Monday, April 22, 2024

Jan Harrison

Jan Harrison, photo by Alan Baer

Jan Harrison is an American painter and sculptor whose work, which primarily features animal imagery, centers on the animal nature as it relates to human existence and the collective psyche. Since 1979 her art has been connected with the philosophy of deep ecology. She speaks and sings in Animal Tongues, which she performs in conjunction with her visual art.

Born in West Palm Beach, Florida, Jan Harrison has also lived in Georgia, California, Ohio, and New York. Since 1989 she has lived in New York’s Hudson Valley. Jan Harrison’s art is in numerous public and private collections. She has been the recipient of five grants and fellowships, and has been the subject of many essays and reviews. Her art has been shown in over two hundred solo and group exhibitions throughout the United States and internationally, including The Animals Look Back at Us, curator: Sara Lynn Henry, in New York. Her work was exhibited in Animal.Anima.Animus, curators: Linda Weintraub and Marketta Seppälä, in museums in Finland, Holland, Canada, and PS1, New York.

In 2003 a chapter regarding her art was published in the book, In The Making: Creative Options for Contemporary Art, Linda Weintraub, d.a.p., New York, NY. In 2011 an article about her visual art as it relates to singing in Animal Tongues was published in PAJ: A Journal of Performance and Art, New York, NY.

To learn more, follow these links.

The books she mentions in the interview are Catherine Keller’s book, Cloud of the Impossible, and also the book by Paul Shepard, The Others.

BALANCE, 2015, 22.5 x 30.25 inches, pastel, ink, charcoal, and colorpencil on rag paper . (Series: “Animals in the Anthropocene.” )
RABBIT REVERIE, 2016, 30.25 x 22.5 inches, pastel, ink, charcoal, and oilstick on rag paper . (Series: “Animals in the Anthropocene.” )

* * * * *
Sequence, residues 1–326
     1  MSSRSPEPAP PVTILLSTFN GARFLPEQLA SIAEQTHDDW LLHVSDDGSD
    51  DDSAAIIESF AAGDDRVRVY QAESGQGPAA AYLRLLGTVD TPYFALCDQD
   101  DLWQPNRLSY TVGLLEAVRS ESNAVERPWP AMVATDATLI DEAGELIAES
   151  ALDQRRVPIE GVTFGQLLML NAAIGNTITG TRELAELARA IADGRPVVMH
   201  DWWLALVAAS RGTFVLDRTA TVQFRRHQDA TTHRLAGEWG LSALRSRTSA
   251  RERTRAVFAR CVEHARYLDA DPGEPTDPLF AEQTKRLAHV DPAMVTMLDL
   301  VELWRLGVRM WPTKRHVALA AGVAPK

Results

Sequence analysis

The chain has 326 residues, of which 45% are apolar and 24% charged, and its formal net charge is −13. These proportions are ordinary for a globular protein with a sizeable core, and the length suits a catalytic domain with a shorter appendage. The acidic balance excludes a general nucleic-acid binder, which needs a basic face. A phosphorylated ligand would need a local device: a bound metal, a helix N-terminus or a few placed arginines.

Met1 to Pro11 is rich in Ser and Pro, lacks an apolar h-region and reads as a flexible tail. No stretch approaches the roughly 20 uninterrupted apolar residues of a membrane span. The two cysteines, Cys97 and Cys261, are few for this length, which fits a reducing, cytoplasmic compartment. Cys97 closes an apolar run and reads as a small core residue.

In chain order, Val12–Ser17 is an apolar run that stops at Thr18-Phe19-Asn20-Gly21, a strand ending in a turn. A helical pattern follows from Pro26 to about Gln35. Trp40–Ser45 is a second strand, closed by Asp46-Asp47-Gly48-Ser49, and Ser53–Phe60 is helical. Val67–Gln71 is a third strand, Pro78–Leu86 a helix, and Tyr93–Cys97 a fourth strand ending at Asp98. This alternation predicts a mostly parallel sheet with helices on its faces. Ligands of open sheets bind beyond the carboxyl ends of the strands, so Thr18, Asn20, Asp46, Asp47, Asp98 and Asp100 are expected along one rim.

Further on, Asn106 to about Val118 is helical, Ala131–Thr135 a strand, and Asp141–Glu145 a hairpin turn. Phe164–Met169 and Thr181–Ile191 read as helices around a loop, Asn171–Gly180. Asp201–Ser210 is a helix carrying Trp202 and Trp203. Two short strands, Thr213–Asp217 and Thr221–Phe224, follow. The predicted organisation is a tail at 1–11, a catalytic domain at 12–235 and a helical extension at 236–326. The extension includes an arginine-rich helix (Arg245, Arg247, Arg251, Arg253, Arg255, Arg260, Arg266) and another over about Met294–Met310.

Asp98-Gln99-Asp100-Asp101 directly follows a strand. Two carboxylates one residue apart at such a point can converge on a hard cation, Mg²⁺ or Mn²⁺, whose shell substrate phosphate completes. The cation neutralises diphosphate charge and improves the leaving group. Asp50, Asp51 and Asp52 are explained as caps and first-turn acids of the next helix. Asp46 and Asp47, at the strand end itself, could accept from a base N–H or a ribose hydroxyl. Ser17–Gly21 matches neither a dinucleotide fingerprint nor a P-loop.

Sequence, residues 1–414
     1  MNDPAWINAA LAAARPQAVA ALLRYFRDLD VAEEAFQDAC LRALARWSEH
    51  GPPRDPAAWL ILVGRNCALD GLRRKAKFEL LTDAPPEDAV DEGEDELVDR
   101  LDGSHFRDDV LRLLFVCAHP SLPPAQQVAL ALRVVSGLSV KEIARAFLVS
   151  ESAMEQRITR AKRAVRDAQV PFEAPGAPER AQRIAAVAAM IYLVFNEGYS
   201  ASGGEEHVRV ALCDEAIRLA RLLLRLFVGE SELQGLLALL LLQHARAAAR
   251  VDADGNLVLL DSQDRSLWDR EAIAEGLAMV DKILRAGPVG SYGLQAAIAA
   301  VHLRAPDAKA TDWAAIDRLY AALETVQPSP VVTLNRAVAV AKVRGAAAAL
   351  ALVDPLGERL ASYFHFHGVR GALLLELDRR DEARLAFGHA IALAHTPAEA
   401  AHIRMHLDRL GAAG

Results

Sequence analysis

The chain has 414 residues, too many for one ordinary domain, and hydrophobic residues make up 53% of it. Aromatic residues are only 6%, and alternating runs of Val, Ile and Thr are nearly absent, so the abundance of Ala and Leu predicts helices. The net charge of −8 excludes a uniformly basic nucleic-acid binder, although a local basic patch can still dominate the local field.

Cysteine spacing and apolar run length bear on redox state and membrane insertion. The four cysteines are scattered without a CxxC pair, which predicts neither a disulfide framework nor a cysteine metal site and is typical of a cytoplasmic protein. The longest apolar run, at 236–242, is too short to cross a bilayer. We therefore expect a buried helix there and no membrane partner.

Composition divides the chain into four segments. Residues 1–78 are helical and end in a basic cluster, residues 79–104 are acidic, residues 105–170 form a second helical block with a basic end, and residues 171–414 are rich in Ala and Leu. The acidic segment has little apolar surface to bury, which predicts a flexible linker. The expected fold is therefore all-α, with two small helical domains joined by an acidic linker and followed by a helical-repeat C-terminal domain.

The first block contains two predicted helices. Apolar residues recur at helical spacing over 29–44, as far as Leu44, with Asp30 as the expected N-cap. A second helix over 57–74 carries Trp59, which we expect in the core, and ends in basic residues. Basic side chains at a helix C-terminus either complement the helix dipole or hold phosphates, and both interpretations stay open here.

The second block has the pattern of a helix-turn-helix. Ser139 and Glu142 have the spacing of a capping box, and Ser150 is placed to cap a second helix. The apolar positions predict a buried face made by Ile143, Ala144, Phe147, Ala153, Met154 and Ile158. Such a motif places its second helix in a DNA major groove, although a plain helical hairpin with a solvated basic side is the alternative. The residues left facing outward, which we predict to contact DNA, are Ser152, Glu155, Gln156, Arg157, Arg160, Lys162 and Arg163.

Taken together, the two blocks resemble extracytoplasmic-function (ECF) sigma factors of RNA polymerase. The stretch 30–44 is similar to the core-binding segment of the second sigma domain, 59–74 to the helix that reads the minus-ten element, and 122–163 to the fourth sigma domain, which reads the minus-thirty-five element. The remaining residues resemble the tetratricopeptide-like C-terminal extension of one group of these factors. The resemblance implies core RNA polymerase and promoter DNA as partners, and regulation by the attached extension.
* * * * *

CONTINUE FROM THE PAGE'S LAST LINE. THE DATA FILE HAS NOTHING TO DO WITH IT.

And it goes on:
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  1. […] Jan Harrison is creating a series of ink and pastel painting on rag paper involving endangered animal species. Her work explores the animal nature and the psyche and often represents animals going from one state of being to another, in other words, shape-shifting between species sometimes becoming hybrids. Her current series was exhibited at Cross Contemporary Art in Saugerties, New York as part of a group show and is slated for more exhibitions. In 1979, Harrison dreamed she came upon a bird while walking along the bank of a river. She lifted the bird and discovered a medallion around its neck that matched one she realized she wore around her own neck. In the dream, the medallions allowed Harrison to communicate with the bird. Days after the dream, she began speaking and singing in “animal tongues” which allows her animal nature to be represented through language. Harrison has experienced animal responses when speaking in this way around both domestic and wild animals. She compares her animal language to the communication between a work of art and a viewer. Harrison uses the term language to describe her vocalizations though she is aware that it is something separate from language as commonly defined. She has found that using human words while communicating with animals can create barriers to connection. Harrison has performed her animal tongues, often in conjunction with her visual art and sometimes including movement. In addition to painting, Harrison is also a sculptor though currently, her focus is primarily on two-dimensional art. One of her more recent series, Animals in the Anthropocene, represents whole bodied animals interacting, changing, and moving. Harrison’s work, in a broad sense, speaks to the fact that we are all together on one planet that needs protecting if we are to survive. To hear Jan Harrison speak in animal tongues, listen to the complete interview. […]


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